About Those Polls That Ask If People Think Obama Is A Muslim
Yesterday I made note of yet another poll that seemed to show a distressing number of people, in this case Alabama and Mississippi Republicans, who continued to believe that the President was a Muslim despite all evidence to the contrary. Not surprisingly the poll generated much commentary online, but David Graham at The Atlantic thinks we should all be a little careful about jumping to any conclusion about polls like this:
In this case the biggest problem is that they’re asking the question at all. The belief that Obama is a Muslim, like the belief that he is somehow not an American citizen, is pernicious and flatly wrong. It has also been rejected by the vast majority of the American body politic, although there are some glaring examples of politicians who flirt with it to score political points. But if the goal is to fight mistaken beliefs, this is the wrong way to do it. The Dartmouth political scientist Brendan Nyhan has researched misperceptions and conspiracy-theory belief in America politics. In particular, he and colleague Jason Reifler have found that false ideas, once introduced, are very hard to get rid of. One especially bad way to fight them is to reiterate them:
The more times a false claim is repeated, the more likely people are to be exposed to it. The fewer people exposed to a false claim, the less likely it is to spread. It is also important not to repeat false claims because people are more likely to judge familiar claims as true. As false claims are repeated, they become more familiar and thus may come to seem more true to people.
The pollsters, by asking the question, and news outlets, by gleefully publicizing the results, are playing into this vicious cycle. Besides, there’s a difference between asking whether respondents believe in interracial marriage (which PPP also did) and asking whether they believe the president is a Muslim or Kenyan. The first is a matter of opinion; the second is objectively either true or false (as it happens, both are false). The problem is that it’s unclear to what extent people really believe these things.
Michelle Cottle argues that pollsters are engaging in a bit of an anti-Southern bias when they direct questions like this only to one specific part of the country:
Now no one appreciates the absurdity of the South’s retrograde conservatism more than I. For all its many charms, the “real America” that Sarah Palin et al. so mythologize sports its fair share of warts, zits, and infected boils.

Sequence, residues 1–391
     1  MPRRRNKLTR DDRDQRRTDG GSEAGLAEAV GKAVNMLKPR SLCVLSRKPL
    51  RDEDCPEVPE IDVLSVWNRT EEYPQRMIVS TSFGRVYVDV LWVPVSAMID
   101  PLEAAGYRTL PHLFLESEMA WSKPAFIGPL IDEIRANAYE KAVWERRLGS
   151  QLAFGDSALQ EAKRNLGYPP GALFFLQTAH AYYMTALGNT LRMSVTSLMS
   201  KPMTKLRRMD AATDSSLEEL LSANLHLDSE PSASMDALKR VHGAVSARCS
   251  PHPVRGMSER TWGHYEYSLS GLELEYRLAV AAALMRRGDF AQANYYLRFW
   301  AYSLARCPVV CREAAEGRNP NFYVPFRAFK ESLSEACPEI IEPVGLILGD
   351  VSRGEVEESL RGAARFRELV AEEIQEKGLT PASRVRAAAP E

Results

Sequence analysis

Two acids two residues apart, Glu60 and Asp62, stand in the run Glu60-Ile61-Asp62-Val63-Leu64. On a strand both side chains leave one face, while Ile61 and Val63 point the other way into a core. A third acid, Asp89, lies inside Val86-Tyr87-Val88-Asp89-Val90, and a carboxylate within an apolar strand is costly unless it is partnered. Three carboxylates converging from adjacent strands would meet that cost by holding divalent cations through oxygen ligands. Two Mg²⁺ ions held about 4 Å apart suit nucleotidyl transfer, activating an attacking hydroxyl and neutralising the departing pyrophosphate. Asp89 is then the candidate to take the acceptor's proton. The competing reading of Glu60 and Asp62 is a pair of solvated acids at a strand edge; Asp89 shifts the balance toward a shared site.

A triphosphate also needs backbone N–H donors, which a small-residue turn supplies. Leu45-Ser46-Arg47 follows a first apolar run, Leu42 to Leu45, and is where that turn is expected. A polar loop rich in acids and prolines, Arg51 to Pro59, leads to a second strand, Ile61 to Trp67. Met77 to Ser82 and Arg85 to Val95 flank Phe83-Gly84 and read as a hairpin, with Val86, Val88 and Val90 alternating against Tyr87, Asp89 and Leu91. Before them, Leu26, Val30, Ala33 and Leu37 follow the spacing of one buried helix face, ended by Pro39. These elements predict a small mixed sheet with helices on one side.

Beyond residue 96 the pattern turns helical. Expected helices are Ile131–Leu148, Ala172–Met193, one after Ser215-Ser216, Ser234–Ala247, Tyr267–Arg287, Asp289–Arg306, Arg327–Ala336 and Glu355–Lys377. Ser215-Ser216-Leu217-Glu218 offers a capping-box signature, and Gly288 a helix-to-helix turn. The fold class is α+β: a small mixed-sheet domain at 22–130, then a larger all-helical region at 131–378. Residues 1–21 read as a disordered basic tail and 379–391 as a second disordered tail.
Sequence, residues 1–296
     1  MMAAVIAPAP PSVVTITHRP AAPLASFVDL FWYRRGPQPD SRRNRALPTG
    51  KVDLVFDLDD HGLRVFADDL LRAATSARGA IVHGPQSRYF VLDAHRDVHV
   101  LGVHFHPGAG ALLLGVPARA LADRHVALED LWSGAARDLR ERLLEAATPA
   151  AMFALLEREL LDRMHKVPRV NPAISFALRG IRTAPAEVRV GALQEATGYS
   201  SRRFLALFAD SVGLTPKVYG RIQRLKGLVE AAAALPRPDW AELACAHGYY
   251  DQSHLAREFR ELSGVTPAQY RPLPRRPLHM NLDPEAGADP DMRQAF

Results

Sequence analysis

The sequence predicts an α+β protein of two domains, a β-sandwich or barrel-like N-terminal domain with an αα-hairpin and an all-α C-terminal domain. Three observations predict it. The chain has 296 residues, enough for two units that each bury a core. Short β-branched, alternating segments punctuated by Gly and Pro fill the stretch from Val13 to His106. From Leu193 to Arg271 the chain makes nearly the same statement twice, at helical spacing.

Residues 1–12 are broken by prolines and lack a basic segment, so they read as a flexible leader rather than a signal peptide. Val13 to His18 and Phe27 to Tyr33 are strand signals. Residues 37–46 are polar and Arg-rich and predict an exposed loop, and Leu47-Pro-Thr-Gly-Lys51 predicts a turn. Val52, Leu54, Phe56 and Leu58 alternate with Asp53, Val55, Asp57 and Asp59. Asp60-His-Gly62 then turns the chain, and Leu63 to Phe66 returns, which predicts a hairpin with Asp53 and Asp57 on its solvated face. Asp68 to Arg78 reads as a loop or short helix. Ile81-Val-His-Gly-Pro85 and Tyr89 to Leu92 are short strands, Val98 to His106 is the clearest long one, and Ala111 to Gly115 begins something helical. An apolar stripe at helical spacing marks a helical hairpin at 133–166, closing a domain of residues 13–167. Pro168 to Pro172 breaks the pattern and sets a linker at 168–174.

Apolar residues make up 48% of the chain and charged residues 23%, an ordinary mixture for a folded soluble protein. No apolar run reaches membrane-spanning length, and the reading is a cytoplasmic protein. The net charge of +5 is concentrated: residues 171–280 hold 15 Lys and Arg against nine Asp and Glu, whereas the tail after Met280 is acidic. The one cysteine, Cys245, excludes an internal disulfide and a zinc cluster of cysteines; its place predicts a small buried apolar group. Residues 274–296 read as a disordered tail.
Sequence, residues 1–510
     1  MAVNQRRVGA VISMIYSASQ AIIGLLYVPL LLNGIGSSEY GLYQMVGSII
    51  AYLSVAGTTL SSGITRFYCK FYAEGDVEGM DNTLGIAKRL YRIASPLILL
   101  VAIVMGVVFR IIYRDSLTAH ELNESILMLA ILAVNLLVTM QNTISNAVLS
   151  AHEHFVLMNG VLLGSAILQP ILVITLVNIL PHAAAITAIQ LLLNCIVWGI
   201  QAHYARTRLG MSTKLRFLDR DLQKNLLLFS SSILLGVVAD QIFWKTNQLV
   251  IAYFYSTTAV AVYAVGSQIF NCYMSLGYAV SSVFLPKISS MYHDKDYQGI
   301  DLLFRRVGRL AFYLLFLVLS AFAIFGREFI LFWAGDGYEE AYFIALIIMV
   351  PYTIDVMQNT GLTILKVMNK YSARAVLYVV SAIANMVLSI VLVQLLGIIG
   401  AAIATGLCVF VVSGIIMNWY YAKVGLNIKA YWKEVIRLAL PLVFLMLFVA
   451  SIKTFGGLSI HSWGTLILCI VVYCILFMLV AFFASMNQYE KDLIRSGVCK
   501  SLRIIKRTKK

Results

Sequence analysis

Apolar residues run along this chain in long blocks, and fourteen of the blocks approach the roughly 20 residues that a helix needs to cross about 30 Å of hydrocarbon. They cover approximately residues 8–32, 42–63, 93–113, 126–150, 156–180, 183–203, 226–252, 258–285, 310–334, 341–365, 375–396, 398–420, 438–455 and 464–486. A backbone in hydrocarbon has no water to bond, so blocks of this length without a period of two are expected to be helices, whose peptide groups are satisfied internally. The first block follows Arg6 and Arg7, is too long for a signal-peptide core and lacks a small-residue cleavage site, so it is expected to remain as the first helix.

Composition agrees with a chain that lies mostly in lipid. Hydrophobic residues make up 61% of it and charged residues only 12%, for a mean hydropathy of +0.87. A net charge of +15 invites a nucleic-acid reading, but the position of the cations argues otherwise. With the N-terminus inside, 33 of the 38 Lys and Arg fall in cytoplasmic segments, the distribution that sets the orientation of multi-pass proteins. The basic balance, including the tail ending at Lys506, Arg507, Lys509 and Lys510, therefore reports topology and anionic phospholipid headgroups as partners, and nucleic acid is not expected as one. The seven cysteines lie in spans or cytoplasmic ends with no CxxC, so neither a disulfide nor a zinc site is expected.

That said, I do get my back up when people seem to be taking cheap shots at my tribe. And this PPP report has all the earmarks of a poll taken with the specific, if perhaps unconscious, goal of confirming all of the nation’s very worst biases about the South.
So an average of one in four respondents still can’t get with that whole ebony-and-ivory thing. Appallingly racist? You betcha. But can someone please explain to me what this has to do with the current Republican presidential race? Discussions of gay marriage I understand. But interracial marriage—since when is this a relevant topic in American politics?
Similarly, why do we need to know respondents’ views on evolution? Last time I checked, not even Santorum was waving the creationism (or intelligent design) banner in this race.
Which could explain why, when I went back and looked through the rest of PPP’s polls from this year, I couldn’t find any other states that were asked about evolution. Ditto questions about whether Obama is a Muslim. And in only one other state did I see voters being asked about interracial marriage: South Carolina. (Surprise!) I suppose it’s possible I missed one or two. But let us concede that these sorts of questions are in no way standard fare.
No question, the results of this PPP poll kick-started the party this week, providing fodder for another round of smug cocktail-party chatter about the similarities between Hattiesburg and Kabul. But every state has its not-so-admirable biases. And asking Republicans in these particular states—and evidently only these states—about these particular issues smacks not so much of political research as cultural profiling.
Graham and Cottle both make good points. In the end, what is the point of questions like this and why are they always directed at Southerners? It certainly doesn’t add anything to the debate.